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Cleveland Clinic and IBM are to work together to implement Watson's Deep Question Answering technology in a medical capacity. Researchers will work with Watson and medical students to improve the system's knowledge, as well as to find any challenges that could appear when putting such a technology to real-world use.
As the task of reading and remembering everything in text books and medical journals is acknowledged to be impossible for a medical student to accomplish, this will be where Watson will be put to work. As Watson has shown it can be used to reference large bodies of work and find connections between separate subjects, students will be using the system to test a variety of hypotheses for ailments, and creating potential answers and diagnoses for obscure medical issues. The student interaction will also help improve Watson's language and domain analysis capabilities, and in time, create an electronic medical record based on a deep semantic understanding of content.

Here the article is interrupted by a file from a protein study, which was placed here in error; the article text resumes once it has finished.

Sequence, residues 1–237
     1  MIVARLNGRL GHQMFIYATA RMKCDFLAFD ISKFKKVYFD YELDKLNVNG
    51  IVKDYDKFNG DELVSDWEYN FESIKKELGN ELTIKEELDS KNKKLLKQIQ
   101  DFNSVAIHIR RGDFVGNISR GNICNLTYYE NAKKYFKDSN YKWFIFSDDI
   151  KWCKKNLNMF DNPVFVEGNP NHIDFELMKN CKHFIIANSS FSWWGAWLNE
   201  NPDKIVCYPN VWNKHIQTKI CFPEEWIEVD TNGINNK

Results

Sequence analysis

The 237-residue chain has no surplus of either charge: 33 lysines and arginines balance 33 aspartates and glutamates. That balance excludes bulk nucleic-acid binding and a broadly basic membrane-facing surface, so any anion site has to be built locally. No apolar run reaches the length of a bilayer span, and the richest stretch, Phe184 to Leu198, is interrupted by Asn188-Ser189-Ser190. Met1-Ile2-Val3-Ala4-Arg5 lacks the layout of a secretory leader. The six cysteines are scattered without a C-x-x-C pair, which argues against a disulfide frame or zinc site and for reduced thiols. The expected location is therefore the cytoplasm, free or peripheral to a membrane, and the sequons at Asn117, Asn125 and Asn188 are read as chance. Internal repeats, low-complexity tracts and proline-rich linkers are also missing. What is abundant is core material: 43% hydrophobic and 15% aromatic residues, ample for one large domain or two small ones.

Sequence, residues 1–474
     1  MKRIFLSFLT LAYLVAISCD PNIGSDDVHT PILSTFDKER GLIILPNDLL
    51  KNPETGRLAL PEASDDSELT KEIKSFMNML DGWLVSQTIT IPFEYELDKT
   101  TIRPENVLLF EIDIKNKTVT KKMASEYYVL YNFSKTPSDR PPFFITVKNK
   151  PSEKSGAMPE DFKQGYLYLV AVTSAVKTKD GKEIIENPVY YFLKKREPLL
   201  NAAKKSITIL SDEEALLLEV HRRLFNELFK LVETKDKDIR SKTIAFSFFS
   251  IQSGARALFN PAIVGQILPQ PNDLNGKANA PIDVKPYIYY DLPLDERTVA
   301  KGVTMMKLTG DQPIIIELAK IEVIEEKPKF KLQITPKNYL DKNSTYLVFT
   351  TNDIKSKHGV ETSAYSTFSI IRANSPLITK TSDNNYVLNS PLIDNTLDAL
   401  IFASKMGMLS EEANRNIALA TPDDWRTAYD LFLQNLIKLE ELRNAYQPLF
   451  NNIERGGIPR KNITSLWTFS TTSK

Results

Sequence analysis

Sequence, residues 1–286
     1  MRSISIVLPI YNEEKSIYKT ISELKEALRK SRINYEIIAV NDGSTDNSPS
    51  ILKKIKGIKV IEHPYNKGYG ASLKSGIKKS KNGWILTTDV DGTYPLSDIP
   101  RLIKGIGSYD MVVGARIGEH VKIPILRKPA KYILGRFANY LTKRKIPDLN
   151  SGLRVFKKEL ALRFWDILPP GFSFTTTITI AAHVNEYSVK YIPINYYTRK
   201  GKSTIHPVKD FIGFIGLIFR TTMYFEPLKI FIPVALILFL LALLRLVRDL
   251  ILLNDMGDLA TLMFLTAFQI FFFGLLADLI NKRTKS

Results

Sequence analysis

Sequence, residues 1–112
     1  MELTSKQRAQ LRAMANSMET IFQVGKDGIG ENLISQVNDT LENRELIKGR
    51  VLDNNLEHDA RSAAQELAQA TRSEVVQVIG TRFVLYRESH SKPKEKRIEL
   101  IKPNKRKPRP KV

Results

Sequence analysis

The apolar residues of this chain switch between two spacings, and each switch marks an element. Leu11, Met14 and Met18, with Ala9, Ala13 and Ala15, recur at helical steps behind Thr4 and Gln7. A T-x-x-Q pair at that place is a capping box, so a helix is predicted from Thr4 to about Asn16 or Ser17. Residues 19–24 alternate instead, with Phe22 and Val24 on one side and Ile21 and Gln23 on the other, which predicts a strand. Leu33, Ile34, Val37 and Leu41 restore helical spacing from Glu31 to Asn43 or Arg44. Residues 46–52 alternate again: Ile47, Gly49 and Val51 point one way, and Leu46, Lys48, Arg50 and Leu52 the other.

While doctors are moving away from rote memorization tasks and towards critical thinking, tools such as Watson will help in rational decision-making processes, offering evidence for various courses of action.
Chief Information Officer of Cleveland Clinic C. Martin Harris, MD, said the partnership with IMB "offers us the opportunity to teach Watson to 'think' in ways that have the potential to make it a powerful tool in medicine."
Watson is famous for appearing on TV game show Jeopardy, where its understanding of cryptic statements allowed it to beat both Brad Rutter and Ken Jennings. During the appearance, four terabytes of data including the full text of Wikipedia was used by the system, without accessing the Internet. In a second match between Watson and members of the US Congress, the computer once again came out on top, winning $40,300 to $30,000.